The following is a guest post.
Freelancing as a Career
A freelancer works on a self-employed basis with no one in a position of seniority to tell them what to do. Choice of getting to work from the comfort of their own home is up to them. It’s a great career – if you can get it.
The work can vary between different fields and the skills required can vary just as much. Some of the most popular include freelance writing, website design or accountancy. Of course, while anyone with a good grasp of English and the ability to create good prose can write, it takes much, much more to learn the skills needed to build an attractive website design, and as for learning accountancy – well!
If you’re set on becoming a freelancer; then you’re going to need a plan of attack in order to reach your goal. If you’ve already got a specific set of skills, then congratulations, you’re already on the first rung of the ladder. Otherwise, you’re going to have to figure out what it is you can offer that is going to make people want to hand their money over to you and, perhaps more importantly, what your aims are for the future.
Let’s say you want to be a freelance writer. Great! Pick up a pen, grab some paper and let’s go. If only it were that simple! Who do you want to write for? What do you want to write? What style do you want to write in? These are all questions that can be answered by having a defined set of goals that will structure your work towards you becoming a popular and successful freelancer. So, with this in mind, there are a number of different approaches that can help you to set realistic and manageable goals.
Break your Goals into Manageable Steps
Take your goal and imagine that it’s a room at the top of a staircase. Now every step is a stage that needs to be fulfilled in order to climb towards it. (Some people’s staircases may be longer than others!)
1. Establish what you want to write about. Don’t try to be an encyclopedic journalistic wizard. Focus on one subject that you are passionate about, say video gaming.
2. Make sure you know your subject. Play video games, visit video game events and conferences, dream about video games.
3. Practice. Write at every spare moment and read a lot too. Nothing quite improves your vocabulary and writing ability as much as reading and writing.
4. The internet is massive and growing larger by the day. Anybody can have a blog, so get one. Write about video games: reviews, opinions on the industry, comments on new developments in technology; you get the idea.
5. Network with other people who are big in the industry: popular reviewers and bloggers, companies. Get involved and increase traffic to your blog.
6. Submit pieces to magazines (they don’t necessarily have to be gaming magazines). Also try websites or blogs that offer publication. At this stage, don’t concern yourself with being paid. Yes, you want money, but this is free exposure.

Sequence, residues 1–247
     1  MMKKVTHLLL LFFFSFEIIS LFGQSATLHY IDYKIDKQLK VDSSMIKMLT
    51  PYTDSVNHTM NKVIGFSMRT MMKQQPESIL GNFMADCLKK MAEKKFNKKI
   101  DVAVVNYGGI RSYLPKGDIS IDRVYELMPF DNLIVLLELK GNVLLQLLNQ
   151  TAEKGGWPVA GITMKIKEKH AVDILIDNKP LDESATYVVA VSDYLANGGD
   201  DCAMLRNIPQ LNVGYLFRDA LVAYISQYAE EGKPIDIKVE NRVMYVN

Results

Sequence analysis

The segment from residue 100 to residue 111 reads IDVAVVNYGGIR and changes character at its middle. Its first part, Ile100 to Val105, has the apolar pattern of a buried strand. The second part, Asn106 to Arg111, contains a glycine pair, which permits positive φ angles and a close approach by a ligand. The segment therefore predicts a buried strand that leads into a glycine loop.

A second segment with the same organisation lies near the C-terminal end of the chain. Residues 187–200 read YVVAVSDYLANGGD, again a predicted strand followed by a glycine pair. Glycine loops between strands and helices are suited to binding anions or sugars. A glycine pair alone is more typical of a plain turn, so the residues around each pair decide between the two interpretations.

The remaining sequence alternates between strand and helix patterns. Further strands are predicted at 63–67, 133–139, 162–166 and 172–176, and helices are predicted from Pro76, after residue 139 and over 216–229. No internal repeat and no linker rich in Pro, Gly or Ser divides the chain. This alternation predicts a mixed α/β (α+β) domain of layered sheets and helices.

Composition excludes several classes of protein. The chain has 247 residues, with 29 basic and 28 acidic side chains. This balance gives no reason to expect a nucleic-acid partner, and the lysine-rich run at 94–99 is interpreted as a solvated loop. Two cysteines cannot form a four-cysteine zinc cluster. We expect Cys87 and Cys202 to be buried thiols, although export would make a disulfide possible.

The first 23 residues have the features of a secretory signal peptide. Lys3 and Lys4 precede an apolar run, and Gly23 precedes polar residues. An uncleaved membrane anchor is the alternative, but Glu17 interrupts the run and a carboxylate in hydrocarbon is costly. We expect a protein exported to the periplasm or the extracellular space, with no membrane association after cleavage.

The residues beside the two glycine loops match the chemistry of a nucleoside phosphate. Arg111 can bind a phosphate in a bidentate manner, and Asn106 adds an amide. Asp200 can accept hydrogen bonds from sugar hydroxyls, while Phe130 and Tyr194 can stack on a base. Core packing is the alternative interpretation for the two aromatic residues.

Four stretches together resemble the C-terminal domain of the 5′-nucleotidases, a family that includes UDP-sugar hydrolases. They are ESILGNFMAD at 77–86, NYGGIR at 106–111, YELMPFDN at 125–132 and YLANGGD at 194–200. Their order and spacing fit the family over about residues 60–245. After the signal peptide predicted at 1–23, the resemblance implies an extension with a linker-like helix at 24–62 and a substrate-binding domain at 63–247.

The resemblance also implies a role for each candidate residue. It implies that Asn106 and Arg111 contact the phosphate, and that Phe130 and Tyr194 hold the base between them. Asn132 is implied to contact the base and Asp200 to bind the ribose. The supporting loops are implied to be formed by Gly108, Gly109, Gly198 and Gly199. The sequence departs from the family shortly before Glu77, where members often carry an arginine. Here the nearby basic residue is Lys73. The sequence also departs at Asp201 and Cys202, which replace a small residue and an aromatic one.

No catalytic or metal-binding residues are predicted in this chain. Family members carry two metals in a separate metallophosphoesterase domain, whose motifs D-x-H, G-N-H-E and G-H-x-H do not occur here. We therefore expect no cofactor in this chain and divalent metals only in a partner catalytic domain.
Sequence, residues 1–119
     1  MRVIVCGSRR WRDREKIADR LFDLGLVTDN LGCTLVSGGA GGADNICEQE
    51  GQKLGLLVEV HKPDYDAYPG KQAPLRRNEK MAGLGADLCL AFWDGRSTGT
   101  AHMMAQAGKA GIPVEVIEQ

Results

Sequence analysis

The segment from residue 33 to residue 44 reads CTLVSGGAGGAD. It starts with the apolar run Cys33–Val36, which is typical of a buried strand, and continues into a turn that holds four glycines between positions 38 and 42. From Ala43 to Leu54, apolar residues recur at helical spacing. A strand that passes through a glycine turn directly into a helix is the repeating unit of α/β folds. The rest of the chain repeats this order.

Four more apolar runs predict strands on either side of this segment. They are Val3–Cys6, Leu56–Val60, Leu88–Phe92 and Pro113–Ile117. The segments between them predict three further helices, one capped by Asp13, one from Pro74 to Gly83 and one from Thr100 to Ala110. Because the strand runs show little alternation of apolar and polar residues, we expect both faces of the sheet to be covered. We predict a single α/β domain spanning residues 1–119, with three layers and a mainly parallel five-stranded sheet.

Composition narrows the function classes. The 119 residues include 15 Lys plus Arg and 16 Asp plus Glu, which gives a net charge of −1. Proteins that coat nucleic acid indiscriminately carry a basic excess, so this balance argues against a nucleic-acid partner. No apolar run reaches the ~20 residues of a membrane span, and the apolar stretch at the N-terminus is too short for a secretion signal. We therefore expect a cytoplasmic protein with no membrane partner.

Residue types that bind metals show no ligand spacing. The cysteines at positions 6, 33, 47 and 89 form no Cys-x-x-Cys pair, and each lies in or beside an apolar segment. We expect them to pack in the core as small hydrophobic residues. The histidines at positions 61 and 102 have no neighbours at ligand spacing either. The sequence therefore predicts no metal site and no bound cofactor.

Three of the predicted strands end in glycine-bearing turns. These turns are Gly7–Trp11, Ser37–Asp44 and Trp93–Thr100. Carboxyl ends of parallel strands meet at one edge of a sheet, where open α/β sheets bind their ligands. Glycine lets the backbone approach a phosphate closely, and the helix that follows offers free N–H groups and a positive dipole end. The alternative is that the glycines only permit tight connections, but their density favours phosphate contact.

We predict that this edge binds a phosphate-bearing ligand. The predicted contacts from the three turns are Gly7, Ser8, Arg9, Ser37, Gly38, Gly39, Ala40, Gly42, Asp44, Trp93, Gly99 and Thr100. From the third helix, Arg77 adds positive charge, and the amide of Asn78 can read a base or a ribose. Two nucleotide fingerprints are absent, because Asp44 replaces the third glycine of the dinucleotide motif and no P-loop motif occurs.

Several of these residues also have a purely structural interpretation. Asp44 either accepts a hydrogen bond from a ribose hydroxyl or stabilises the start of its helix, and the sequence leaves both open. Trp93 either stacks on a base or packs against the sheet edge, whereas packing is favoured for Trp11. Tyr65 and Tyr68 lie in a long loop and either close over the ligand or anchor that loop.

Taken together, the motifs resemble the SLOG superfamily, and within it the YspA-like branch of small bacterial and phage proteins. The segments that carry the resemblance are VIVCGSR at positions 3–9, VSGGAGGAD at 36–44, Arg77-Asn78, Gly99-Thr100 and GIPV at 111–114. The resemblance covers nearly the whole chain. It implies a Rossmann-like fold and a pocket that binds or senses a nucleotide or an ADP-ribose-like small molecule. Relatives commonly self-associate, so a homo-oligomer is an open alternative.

7. Had something published? Now, maybe, just maybe, somebody will pay for your work. But there’s still a long way to go.
Research Other Success Stories
The internet is a great thing. It lets us pry into other people’s lives, especially those who were ever successful enough to be interviewed and documented online. Research those regular guys (or girls) who started out wanting to be a freelancer but didn’t know how. Perhaps you have a specific role model in mind. Research their background. Read about where they came from, what steps led them to where they are now and digest this information. Sure, they could’ve got lucky, but chances are this will help you gain some idea of how you can achieve your own goals.
Learn a Skill
Of course, not everyone wants to be a writer. And remember, there are a LOT of writers out there, so as with a number of other areas, competition can prove quite fierce. If you’re up to the challenge, then great, but unless you’re totally committed and prepared for those inevitable rejections, don’t rule out other avenues. It’s often been said that you don’t choose writing, writing chooses you – so always be very sure before setting that initial goal.
Or perhaps you have a skill but you don’t think there’s much market for it. Then it’s time to learn something new. Website design, copywriting, computer programming, photography; these are just a select few of the numerous different skills that can lead to successful freelance work. But one thing’s for certain, whatever you choose to do, if you’re heart’s not in it, you’ll be unlikely to succeed. Take a look at that staircase once more and be sure that room at the top is one in which you really want to live.